Eventually, Miller got tired of just taking photos. He’d always considered himself a writer—he wrote about the war in Iraq and the aftermath of Hurricane Katrina for a student news blog at Fordham—and when a volunteer Wikipedia editor suggested he check out the fledgling Wikinews, Miller decided to broaden his journalistic repertoire. He had already begun contacting minor public figures, such as First Amendment lawyer Floyd Abrams and BBC America’s “Punk Professor” Vivien Goldman, offering to take free, quasi-professional portraits of them for Wikipedia. It seemed a natural step to interview them.
Miller put out dozens of cold calls. He called people like Donald Trump and Rosie O’Donnell because he considered them “cultural icons,” and others because he found their line of work interesting. (He interviewed German-American folk singer Antje Duvekot, for instance, simply because he wanted to interview a folk singer, and she was available.) Although Miller has managed interviews with a few high-profile subjects like Peres, he’s relatively unknown outside the Wiki community. Some of his pieces have page views in the single digits.
Miller’s interview style is conversational. His opening gambit is often arbitrary—for instance, he started his interview with Gay Talese by asking if it bothered him that his name has come to mean “homosexual.” (“No, it doesn’t bother me at all,” Talese responded.) Miller will often talk about himself. He says it’s soothing to share his experiences, particularly his sense of failure after dropping out of law school—and it seems to encourage his subjects to open up. “I’m telling you stuff I never said to anybody,” voice actor Billy West, who provided the voices for Ren & Stimpy and Bugs Bunny, told Miller after speaking about his alcoholism and being beaten by his father. Miller doesn’t play “gotcha,” but he does ask unusual questions and will push a bit—but not too much. “If I’m being combative, they can just end it on me,” he said. He once allowed Senator Sam Brownback to assert but not support his claim that God has a problem with homosexuality. “To really pin Brownback down,” Miller told me, “that’s a job for Chris Matthews.”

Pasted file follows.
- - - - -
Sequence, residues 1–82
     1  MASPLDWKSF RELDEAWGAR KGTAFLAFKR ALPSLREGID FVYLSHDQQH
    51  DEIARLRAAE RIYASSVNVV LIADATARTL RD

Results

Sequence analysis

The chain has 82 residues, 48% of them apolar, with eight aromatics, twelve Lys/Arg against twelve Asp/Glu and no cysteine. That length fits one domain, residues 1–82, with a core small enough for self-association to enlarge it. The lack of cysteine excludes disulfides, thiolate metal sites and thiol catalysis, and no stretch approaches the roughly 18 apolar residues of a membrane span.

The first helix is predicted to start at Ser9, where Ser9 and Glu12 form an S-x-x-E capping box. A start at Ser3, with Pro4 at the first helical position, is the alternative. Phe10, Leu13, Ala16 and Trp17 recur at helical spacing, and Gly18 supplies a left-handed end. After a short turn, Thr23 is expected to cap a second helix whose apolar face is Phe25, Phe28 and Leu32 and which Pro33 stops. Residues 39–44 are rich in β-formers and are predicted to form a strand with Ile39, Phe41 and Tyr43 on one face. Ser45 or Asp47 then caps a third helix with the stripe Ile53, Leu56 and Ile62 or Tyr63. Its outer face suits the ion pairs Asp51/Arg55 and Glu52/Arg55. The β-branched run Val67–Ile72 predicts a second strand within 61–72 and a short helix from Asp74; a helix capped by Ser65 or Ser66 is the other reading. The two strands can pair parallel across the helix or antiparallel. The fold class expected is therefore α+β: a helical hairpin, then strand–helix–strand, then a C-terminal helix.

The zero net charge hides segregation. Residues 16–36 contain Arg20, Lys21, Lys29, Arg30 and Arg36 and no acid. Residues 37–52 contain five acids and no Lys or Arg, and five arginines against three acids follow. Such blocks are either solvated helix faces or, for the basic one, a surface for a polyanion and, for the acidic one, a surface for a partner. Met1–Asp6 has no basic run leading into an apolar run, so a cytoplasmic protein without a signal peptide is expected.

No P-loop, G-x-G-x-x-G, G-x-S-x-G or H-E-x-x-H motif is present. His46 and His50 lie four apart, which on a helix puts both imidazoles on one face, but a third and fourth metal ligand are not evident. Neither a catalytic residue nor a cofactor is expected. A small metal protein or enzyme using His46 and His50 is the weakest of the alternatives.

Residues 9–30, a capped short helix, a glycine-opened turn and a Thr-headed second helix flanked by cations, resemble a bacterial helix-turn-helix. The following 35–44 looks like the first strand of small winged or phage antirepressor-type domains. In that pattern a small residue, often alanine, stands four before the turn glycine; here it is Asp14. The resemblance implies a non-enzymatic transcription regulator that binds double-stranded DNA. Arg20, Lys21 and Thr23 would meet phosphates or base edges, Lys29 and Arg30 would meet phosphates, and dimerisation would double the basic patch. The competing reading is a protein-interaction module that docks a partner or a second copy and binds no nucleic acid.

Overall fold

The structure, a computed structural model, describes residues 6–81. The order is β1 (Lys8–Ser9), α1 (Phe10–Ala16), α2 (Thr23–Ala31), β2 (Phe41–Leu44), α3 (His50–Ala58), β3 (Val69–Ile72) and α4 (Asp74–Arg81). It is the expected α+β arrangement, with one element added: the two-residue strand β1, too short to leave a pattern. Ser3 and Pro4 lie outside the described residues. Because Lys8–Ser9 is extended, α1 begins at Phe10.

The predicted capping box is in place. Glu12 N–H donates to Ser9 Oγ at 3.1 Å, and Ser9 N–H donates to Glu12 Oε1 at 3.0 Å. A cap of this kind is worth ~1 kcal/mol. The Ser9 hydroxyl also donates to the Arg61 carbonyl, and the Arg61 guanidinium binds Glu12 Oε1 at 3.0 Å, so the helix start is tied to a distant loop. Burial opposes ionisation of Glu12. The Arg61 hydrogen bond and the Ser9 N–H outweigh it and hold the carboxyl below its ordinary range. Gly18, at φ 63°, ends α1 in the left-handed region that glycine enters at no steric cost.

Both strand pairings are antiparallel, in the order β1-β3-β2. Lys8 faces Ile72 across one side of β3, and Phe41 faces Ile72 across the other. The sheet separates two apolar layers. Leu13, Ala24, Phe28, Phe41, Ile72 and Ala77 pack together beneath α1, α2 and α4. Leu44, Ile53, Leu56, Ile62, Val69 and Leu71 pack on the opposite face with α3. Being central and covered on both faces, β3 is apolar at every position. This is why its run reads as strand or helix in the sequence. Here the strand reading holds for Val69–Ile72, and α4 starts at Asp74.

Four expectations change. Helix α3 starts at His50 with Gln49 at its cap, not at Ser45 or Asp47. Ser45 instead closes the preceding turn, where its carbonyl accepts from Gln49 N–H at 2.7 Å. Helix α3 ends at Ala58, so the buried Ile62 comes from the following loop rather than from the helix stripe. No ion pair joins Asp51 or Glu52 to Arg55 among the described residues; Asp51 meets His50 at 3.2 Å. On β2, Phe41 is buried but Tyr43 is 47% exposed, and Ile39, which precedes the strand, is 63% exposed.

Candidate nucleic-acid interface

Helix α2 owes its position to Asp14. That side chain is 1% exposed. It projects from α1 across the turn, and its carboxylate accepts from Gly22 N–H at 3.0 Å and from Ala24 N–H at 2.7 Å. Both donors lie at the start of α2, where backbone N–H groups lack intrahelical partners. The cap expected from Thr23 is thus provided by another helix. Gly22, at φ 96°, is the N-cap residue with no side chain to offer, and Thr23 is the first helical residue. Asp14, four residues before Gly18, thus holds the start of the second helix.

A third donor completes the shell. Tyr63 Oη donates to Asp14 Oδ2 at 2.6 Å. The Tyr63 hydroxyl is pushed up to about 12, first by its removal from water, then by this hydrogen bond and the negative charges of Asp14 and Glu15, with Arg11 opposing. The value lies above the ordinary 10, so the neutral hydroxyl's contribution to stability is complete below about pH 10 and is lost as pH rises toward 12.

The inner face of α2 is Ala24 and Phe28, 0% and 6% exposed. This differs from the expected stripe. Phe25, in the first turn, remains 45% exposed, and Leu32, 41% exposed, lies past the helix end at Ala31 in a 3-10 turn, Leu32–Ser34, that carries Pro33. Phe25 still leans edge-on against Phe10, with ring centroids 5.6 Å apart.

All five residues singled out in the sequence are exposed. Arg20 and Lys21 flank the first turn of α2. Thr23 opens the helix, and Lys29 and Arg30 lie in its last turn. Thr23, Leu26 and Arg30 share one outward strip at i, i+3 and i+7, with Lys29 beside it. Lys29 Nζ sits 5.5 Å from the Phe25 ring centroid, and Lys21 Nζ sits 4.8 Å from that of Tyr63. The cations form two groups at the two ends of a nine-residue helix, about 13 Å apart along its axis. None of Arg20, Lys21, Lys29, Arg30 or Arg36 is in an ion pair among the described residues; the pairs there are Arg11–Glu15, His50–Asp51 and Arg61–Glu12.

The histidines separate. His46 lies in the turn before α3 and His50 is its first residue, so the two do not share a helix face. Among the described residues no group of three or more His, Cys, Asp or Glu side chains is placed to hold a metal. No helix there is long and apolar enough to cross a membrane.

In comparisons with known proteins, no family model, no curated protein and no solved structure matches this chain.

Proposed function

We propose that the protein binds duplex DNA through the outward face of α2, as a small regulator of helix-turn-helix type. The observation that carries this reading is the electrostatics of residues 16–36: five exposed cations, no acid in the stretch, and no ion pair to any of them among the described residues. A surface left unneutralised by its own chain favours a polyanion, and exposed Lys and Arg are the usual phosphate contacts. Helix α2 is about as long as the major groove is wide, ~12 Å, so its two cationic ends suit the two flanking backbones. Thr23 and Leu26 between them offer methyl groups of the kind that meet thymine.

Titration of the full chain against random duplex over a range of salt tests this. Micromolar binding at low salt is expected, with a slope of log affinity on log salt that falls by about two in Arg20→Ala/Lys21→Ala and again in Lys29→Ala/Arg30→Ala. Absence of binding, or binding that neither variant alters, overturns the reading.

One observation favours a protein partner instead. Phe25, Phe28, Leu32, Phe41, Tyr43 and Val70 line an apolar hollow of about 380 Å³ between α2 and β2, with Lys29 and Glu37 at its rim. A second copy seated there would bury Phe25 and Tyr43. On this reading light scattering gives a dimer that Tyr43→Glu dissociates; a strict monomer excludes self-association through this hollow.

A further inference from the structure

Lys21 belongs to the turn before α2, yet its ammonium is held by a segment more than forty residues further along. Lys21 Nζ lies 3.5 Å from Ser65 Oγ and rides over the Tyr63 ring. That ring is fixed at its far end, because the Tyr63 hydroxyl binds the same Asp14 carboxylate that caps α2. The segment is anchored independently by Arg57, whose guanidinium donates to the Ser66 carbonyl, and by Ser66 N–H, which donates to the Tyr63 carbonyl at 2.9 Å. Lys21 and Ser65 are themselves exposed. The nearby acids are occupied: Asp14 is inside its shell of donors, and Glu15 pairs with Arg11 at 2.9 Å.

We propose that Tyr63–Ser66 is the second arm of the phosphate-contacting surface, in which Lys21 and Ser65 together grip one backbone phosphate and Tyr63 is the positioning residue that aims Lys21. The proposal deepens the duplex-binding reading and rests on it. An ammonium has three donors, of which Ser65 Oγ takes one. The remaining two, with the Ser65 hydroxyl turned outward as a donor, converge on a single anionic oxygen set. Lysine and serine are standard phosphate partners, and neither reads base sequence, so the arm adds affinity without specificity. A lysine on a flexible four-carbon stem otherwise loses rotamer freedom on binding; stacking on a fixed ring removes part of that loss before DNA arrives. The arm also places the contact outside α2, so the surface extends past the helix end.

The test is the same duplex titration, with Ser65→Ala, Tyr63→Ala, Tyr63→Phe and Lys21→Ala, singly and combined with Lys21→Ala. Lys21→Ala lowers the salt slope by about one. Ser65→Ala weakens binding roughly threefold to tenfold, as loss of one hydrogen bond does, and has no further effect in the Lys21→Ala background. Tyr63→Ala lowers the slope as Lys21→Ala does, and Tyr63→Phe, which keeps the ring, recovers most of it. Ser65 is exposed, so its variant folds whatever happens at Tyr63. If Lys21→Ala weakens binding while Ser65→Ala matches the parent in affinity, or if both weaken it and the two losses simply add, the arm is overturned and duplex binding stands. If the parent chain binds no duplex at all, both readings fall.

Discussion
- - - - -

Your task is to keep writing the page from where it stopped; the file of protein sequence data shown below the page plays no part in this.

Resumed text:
Not that Miller asks only softball questions. Here’s an exchange from his interview with Ingrid Newkirk, the co-founder and president of PETA:
David Shankbone: Do you have any regrets?
Ingrid Newkirk: Professionally? Because that’s what we are talking about . . . .
DS: Or personally.
IN: I’m not going to talk about personally!
DS: Just in general—in your life.
IN: These are just terrible questions!
DS: Sometimes terrible questions birth wonderful answers.
IN: Oh, pwah!
At their best, his interviews can make for juicy, revealing reads. Take this example from his interview with gay author Edmund White:
David Shankbone: You have an open relationship?
Edmund White: Yes.
DS: Do you think that’s a necessity in order to have a successful relationship?
EW: I wouldn’t preach for anybody else; I mean, everybody’s different. But for me, yes.
DS: Where do you tend to find your sexual partners?
EW: Online, now. Silverdaddies.com; daddyhunt. That’s where you go if you’re older. Or Manhunt and gay.com. Or slavesformaster. Those are all sites where I’ve met people.
DS: Are you a slave or a master?
EW: A slave, but I’m not much of one.
Miller is no provocateur or interrogator like Oriana Fallaci, who opened an interview with Yasir Arafat by asking him his age, twice, and who once asked the Shah of Iran if he would have thrown her in jail had she been Iranian. Miller prefers Terry Gross or James Lipton and cites them as influences. He wants to indulge his subjects, and delve into their personalities. He can be gentle and accommodating. He wants them to talk about their ideas and their craft. He typically tells a subject, “We don’t have an angle. It’s more of an information thing, just to get your thoughts and feelings.”